More states likely to follow California in banning sales of new internal combustion engine vehicles
Other government actions are also likely to increase demand for the critical minerals needed by EVs and other cleantech applications
More states are likely to follow California’s lead in banning the future sale of internal combustion engine vehicles as a means of accelerating demand for electric vehicles (EVs) and addressing climate change, according to NioCorp CEO and Executive Chairman Mark Smith.
In a newsmaker interview this week, Smith noted that these and other government actions are also likely to increase demand for the critical minerals needed by EVs and other cleantech applications — including the critical minerals NioCorp plans to produce at its Elk Creek Project in Nebraska, once financing is obtained and the project is in commercial operation.
“Demand for EVs and hybrids is going to skyrocket as a result,” Smith told Stephen Gunnion of Proactive Investor. “Virginia looks like it will follow suit in not allowing the sale of internal combustion engines along the same timeline as California.”
Smith also addressed the impact of a new U.S. law tying the federal tax credit for EV purchases to minimum percentages of critical minerals used in the lithium-ion batteries that are made in the U.S. “There is no question that this will have an impact on producers of critical minerals in the U.S.,” he said. ‘It will drive a huge demand for critical and strategic minerals needed to make these EVs, which the government is now incentivizing. It is a huge development for NioCorp.”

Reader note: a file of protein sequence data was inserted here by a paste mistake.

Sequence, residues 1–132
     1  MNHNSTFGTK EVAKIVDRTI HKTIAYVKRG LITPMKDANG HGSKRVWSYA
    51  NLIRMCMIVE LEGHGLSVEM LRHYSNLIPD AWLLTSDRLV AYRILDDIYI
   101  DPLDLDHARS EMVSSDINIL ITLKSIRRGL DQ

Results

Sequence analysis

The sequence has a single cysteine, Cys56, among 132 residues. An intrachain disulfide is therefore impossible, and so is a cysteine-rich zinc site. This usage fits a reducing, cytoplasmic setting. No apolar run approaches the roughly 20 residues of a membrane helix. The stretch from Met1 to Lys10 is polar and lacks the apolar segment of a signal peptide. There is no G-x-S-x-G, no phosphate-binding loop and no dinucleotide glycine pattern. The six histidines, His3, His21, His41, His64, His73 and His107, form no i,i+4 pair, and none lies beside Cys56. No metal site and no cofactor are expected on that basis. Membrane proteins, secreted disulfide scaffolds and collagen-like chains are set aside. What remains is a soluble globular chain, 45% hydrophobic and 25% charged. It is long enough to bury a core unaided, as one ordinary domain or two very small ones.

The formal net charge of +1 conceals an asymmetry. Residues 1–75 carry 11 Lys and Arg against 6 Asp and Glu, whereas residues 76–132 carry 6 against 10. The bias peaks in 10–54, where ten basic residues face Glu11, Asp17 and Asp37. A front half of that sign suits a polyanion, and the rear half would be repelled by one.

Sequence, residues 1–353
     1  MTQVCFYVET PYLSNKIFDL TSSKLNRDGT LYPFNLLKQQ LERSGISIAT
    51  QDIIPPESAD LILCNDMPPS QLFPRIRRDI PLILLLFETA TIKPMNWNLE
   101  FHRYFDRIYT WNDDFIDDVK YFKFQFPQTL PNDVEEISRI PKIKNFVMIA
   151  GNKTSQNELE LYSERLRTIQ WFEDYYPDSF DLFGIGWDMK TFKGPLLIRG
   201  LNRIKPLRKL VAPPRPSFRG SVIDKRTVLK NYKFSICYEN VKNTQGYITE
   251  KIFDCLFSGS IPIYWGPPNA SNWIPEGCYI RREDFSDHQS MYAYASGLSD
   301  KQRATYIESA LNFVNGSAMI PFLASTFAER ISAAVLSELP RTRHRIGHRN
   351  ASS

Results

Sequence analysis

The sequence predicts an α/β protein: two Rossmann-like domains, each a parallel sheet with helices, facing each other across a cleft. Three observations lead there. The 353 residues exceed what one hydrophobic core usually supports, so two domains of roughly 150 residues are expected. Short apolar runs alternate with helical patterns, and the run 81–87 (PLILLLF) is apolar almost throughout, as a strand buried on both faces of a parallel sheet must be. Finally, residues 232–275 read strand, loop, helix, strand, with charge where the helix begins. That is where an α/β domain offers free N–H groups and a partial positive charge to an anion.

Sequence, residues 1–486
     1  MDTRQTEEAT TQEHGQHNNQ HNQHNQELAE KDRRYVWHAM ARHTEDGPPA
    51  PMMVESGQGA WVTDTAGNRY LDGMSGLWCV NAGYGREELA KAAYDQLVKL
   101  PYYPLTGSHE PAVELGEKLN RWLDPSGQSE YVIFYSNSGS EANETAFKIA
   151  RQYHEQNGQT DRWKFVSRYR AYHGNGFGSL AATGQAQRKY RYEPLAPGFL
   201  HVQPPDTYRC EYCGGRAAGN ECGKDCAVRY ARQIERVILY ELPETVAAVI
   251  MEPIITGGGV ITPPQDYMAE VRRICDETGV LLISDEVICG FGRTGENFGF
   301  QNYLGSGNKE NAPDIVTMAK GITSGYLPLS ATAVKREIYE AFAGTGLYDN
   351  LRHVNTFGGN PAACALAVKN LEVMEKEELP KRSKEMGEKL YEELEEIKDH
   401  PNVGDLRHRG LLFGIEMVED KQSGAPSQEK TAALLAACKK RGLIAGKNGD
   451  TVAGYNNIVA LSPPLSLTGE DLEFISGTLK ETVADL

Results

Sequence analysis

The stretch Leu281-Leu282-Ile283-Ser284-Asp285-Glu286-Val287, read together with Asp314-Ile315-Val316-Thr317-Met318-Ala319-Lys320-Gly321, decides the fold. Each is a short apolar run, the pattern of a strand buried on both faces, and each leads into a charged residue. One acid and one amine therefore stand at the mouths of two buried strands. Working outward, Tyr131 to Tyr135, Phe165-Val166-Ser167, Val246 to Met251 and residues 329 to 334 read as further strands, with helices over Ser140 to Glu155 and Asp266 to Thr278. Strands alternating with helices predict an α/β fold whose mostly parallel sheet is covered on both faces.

Smith also noted that companies in the auto sector have increased their inquiries to NioCorp in terms of their interest in the critical minerals that NioCorp intends to produce, once the Elk Creek Project is financed and in commercial operation.
“Those conversations have been developing since the beginning of the year and, with the passage of the Inflation Reduction Act, those conversations have accelerated,” he said. “It is really a change in our industry.”